Welcome to class!
Welcome to a new term. This is the Final term of JSS2.
In today’s class, We will be discussing the preservation of farm produce for marketing. Enjoy the class!
Preservation of Farm Produce for Marketing
1. Preservation Method: Fermentation
With the fascinating science of fermentation, you can control spoilage. In other words, the foods you preserve by fermenting them will technically still spoil, “age” or “ripen,” but they’ll do so with friendly even beneficial microbes rather than hostile ones. Lucky for us, generations of people before us have paved the way, and their secrets are mostly low-tech.
Fermented foods are created by allowing one type of microbe to act on a food substance in order to convert some of its components into alcohols or acids. Alcohols are fermented by yeasts, while most foods are fermented by lactic acid bacteria. Some mold-ripened cheeses are created by the work of fungi, and other cheeses are fermented by the work of bacterial cultures. This family of preserved foods includes some of the world’s greatest culinary treasures, including bread, cheese, pickles, sauerkraut, chocolate, beer, coffee, wine and a whole host of cured meats, to name but a few.
The bacteria, yeasts and fungi necessary to ferment different foods can be naturally occurring or wild, as it was for each of these marvellous foods to have been discovered in the first place. Or it can be purposefully cultured with ingredients obtained via cheesemaking or homebrew suppliers. To try fermentation at home, start with the simple recipe for sauerkraut below.
2. Preservation Method: Acidification
Many foods last longer if they are simply dunked in a bath of vinegar. Just as vinegar rids dirty clothes and kitchen countertops of infectious germs, it can be put to the same though tastier use with fruits, vegetables and herbs. The most famous vinegar-preserved foods are cucumbers (though some cucumber pickles are actually fermented), but many other foods are delicious in vinegar, turnips, beets, radishes, carrots, leeks, kale, garlic scapes, Swiss chard, green beans, cauliflower, zucchini, peppers, asparagus, cantaloupe and green tomatoes are just some of the options that are delicious when pickled. From balsamic and apple cider to rice and champagne, a wide world of vinegar flavours awaits. The recipe above provides a super simple way to preserve fresh cucumbers using acidification.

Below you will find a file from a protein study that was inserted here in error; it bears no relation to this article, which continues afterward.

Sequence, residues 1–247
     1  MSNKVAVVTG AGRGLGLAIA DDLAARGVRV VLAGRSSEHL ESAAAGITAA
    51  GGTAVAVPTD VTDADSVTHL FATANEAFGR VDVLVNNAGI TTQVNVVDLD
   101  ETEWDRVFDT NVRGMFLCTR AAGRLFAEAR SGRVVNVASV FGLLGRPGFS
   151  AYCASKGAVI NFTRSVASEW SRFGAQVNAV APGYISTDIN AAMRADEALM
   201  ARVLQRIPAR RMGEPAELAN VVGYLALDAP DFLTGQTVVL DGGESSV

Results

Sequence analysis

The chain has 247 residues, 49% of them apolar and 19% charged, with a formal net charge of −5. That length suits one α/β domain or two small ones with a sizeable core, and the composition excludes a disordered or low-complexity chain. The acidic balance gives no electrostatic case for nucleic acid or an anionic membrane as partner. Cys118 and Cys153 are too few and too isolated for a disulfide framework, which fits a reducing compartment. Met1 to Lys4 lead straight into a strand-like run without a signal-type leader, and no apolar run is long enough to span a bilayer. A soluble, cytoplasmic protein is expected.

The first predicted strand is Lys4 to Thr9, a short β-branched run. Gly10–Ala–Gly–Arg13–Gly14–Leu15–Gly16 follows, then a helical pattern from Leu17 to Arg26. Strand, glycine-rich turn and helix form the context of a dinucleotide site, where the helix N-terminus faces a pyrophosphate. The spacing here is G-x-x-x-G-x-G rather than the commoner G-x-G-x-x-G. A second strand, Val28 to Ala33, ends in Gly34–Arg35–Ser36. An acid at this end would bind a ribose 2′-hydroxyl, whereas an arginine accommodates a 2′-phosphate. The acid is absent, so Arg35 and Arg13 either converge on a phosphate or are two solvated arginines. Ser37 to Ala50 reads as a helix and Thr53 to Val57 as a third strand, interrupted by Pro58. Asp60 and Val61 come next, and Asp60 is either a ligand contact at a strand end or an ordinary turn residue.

3. Preservation Method: Drying Food
Dehydrating food makes it less attractive to moisture-loving bacteria. Removing the water also concentrates flavours in a mighty tasty way, and it’s a fitting trick for fruits and veggies of all kinds. Dried foods take up the least pantry space of all the preserved treats you might make, and the benefactors of this technique are limited only by your imagination. Food dehydrators make easy work of drying food, but it’s easy to do in an oven set on low heat, too. Once they’re dried to a crisp, store foods in an airtight container. Some foods, such as plum tomatoes, are also great halfway dried and then stored in oil.
4. Preservation Method: Root Cellaring
The practice of “putting food by” refers to storing produce for long periods of time, and it is often quite simple. Many foods will last weeks or months if kept in a cool, dark spot. Some foods benefit from being coated first in oil or being stored in a bucket of sand; others will keep when simply set on a shelf. You can build a fancy ventilated root cellar if you’ve got the space, time and inclination, but a cool, dark corner of your garage or basement will probably do nicely.
5. Preservation Method: Home Canning
From simple canned tomatoes to homemade soups, canning is a great way to preserve the peak-harvest flavours of many fresh foods. However, it is extremely important to do it right, so be sure to learn the basics. While canning is simple and safe with the proper instruction, improperly canned foods can make you and your family sick. The easiest method of canning is called water-bath canning, and it’s a great way to preserve acidic foods such as pickles and tomatoes. For nonacidic foods, you will need to rely on the more complex system of pressure canning. We recommend starting with the easier water-bath canning to learn the technique before moving on to pressure canning.
6. Preservation Method: Freezing Food
Freezing helps prevent food from spoiling before we’re ready to eat it. Several tricks and tips can improve your freezer strategies. Many foods freeze well, but a few—such as lettuce, cream sauces and whole eggs in shells really just don’t. Obviously, it’s helpful to know the difference. Some foods, such as blueberries, can be frozen as is; others, such as greens, must be blanched first. To blanch, bring a pot of water to boil, dunk food for a brief time, then pat the food dry and freeze in freezeproof containers. To make efficient use of freezer space, try freezing liquids such as soups in baggies laid flat on a baking sheet. Once frozen, they can be stacked neatly elsewhere in the freezer. You can also fill ice cube trays with sauces such as pesto and then pour the cubes, ready for single-serving uses, into a freezer container.
In our next class, we will be talking about Storage of Farm Produce. We do hope you enjoyed the class?
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